► In today’s Washington Post — Will Congress be as brave as Shinseki? (by E.J. Dionne) — Gen. Eric Shinseki is a true patriot, and his resignation as Veterans Affairs secretary on Friday calls Congress’s bluff. He played his part in a Washington sacrificial ritual. Will the politicians now be honorable enough to account for their own mistakes?

 


ELECTIONS

 

wehby-monica► In today’s Washington Post — Oregon Senate race a test for Republicans — To Republicans, the Senate race in this solidly Democratic state presents an alluring opportunity. Oregon’s health insurance exchange has been one of the country’s most troubled. President Obama’s approval rating has fallen below 50 percent. Sen. Jeff Merkley, a liberal Democrat first elected on Obama’s coattails in 2008, is not terribly well known. And in Monica Wehby, Republicans have a fresh-faced, female challenger who they believe matches the moment: a pediatric neurosurgeon and political outsider who rails against the Affordable Care Act but is relatively moderate on social issues.

► In today’s NY Times — The vanishing cry of ‘repeal it’ (editorial) — Campaigning Republicans thought they could coast into office on a wave of public fury over health care reform. They thought wrong.

 


NATIONAL

 

► In the NY Daily News — Retired American Airlines workers who took pay cut after 9/11 lose promised privileges — After 9/11 many American Airlines workers took a 35% pay cut to help salvage the nose-diving company. In exchange, workers were promised better health, retirement and flying benefits, but these promises have not been kept.

► In Sunday’s Washington Post — Fastest-growing U.S. job offers meager opportunity — Many are placing their hopes on the fastest-growing job in America… changing bedpans, pushing wheelchairs, cleaning catheters and brushing teeth. Pay is just better than minimum wage. Burnout rates were among the highest of any career. This was how the economy looked from the bottom up in 2014: the fastest-growing job, as a nursing aide, is also among the hardest, and this place of opportunity is in fact the place of last resort.

► In Sunday’s NY Times — As ties to China unravel, U.S. companies head to Mexico — With labor costs rising rapidly in China, American manufacturers of all sizes are looking south to Mexico with what economists describe as an eagerness not seen since the early years of the North American Free Trade Agreement in the 1990s.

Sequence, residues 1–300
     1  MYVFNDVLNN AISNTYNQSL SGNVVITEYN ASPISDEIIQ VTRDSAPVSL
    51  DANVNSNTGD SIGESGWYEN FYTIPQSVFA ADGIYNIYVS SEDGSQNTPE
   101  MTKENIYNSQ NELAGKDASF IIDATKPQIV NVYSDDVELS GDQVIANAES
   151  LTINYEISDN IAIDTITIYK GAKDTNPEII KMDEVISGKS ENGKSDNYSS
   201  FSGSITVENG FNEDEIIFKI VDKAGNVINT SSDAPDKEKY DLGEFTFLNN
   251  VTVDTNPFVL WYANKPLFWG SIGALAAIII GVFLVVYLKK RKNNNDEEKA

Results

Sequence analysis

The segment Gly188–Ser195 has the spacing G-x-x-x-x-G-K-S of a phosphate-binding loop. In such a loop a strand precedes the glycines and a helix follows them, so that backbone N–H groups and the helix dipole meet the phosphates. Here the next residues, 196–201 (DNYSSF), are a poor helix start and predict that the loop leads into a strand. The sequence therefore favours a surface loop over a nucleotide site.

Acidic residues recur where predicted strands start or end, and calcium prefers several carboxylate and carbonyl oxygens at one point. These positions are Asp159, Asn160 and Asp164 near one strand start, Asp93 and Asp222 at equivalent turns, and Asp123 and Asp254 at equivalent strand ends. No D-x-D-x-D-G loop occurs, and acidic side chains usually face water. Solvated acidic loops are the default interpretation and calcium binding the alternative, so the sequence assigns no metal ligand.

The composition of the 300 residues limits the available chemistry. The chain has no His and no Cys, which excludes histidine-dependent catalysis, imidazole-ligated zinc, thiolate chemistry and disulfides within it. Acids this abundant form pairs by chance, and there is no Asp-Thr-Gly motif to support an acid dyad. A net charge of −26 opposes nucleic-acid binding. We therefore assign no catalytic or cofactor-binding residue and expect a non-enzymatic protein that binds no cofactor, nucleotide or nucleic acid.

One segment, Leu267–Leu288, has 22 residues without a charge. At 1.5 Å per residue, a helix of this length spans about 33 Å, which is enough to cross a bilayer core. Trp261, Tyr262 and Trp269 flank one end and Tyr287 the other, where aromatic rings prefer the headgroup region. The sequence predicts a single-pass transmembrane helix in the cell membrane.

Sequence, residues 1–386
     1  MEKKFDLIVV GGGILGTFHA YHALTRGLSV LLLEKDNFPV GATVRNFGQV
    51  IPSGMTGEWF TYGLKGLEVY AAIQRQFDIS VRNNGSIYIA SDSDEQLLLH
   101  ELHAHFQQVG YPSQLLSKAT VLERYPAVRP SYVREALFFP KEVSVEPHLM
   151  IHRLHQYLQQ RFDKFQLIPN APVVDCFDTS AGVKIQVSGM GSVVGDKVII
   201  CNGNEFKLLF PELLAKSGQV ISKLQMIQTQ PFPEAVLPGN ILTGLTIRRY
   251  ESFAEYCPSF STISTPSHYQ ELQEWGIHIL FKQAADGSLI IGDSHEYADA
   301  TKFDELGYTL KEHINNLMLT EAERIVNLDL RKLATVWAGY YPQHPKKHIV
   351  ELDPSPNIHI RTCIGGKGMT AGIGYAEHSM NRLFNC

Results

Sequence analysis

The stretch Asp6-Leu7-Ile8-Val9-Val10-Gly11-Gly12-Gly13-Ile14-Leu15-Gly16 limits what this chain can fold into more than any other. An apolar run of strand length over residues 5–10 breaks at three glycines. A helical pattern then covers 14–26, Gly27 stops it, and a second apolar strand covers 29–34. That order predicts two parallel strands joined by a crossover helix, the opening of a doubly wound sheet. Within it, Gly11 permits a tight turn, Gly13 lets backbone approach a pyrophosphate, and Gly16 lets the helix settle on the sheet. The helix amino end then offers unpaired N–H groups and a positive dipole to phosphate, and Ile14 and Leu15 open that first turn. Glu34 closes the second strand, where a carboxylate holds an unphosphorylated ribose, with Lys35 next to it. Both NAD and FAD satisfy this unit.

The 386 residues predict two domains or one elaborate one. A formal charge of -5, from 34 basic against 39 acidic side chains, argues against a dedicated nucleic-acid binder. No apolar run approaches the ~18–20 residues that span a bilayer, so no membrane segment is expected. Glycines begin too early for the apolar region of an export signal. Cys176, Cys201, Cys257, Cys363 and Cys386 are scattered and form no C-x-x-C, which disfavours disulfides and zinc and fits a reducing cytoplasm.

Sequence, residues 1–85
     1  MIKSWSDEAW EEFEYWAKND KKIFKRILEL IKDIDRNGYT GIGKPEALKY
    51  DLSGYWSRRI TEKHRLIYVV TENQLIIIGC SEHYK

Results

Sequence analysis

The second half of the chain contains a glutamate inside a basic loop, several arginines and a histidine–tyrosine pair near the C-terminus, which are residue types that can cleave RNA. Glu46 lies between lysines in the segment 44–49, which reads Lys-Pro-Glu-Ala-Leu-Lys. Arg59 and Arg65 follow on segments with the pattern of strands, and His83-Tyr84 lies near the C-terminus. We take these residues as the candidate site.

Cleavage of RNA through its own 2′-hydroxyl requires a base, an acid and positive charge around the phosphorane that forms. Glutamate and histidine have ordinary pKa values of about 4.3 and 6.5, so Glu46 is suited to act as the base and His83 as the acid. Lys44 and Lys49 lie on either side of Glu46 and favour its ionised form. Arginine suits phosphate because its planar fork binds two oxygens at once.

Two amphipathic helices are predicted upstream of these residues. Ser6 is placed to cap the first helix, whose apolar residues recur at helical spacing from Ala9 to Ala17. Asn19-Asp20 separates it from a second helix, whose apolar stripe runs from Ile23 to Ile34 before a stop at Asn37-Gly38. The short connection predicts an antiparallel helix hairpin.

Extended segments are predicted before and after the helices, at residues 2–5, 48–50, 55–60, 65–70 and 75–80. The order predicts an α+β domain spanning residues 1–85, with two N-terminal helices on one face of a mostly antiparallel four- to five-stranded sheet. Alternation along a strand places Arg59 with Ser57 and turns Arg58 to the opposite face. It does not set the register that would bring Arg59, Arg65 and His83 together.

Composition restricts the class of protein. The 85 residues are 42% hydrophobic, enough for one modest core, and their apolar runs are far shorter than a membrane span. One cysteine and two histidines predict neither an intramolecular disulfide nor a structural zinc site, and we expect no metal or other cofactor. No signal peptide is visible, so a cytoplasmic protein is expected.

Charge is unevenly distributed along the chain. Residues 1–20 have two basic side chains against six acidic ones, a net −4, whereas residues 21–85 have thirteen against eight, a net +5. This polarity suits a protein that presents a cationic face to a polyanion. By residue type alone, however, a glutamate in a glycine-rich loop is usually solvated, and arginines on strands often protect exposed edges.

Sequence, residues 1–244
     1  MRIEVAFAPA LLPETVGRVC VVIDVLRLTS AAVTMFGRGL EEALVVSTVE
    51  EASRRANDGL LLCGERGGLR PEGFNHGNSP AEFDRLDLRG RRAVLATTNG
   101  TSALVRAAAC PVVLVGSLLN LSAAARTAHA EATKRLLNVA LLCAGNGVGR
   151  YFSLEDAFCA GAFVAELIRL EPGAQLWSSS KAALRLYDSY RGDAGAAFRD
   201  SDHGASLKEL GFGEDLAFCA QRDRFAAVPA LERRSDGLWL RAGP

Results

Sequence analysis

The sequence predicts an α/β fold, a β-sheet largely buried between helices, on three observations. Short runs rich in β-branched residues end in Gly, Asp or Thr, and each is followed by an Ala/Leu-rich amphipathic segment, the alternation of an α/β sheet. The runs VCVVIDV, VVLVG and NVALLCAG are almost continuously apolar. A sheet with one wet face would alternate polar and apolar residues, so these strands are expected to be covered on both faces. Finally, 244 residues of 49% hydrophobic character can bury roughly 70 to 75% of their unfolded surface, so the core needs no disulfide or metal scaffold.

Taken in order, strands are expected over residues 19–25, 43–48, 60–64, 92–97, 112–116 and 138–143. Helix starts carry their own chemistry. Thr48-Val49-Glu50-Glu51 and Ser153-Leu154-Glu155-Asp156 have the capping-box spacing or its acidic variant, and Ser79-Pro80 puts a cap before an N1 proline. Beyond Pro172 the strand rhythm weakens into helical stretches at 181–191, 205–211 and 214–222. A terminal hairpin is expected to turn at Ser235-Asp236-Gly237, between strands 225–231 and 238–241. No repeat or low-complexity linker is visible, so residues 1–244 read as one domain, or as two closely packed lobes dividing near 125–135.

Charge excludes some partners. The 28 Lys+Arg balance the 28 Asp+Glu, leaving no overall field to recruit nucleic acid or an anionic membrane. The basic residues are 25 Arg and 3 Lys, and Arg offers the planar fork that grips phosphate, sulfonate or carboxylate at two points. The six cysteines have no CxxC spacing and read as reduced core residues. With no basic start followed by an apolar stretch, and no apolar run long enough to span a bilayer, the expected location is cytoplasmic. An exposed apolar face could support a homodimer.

► In today’s NY Times — On inequality denial (by Paul Krugman) — It persists because there are groups with a strong interest in creating a fog of doubt.

 


TODAY’S MUST-READ

 

labor-vs-capital► At TPM — Why is capital so much stronger than labor? (by Jared Bernstein) — Armed with distorted arguments, capital is not just insulated against labor. It is in a position to steer every economic policy debate its way. As Suresh Naidu writes, “In a thoroughly marketized world, the wealthy can purchase educational reform, think-tanks, legislative language…” Surely part of solving the inequality problem will require reducing the outsized political power of those with the most resources. If I’m right about the role of economics today in supporting capital and opposing labor, then part of winning that fight requires a new economics that encompasses a much broader scope of human and societal well-being, that more readily sees market failures, more accurately gauges and fairly judges reactions to policy changes, and places a much heavier weight on shared prosperity, and not solely through redistribution, but through market outcomes.

 


TODAY’S MUST-SEE

 

How Wall Street skims higher education — Wall Street skim is driving up the cost of college. Students are saddled with higher tuition and student debt. Taxpayers are covering risky loans and high interest rate for institutional borrowing. And for-profit colleges are overcharging students to drive profit. (Hat tip to the United Faculty of Washington State Blog.)

 


The Stand posts links to Washington state and national news of interest every weekday morning by 10 a.m.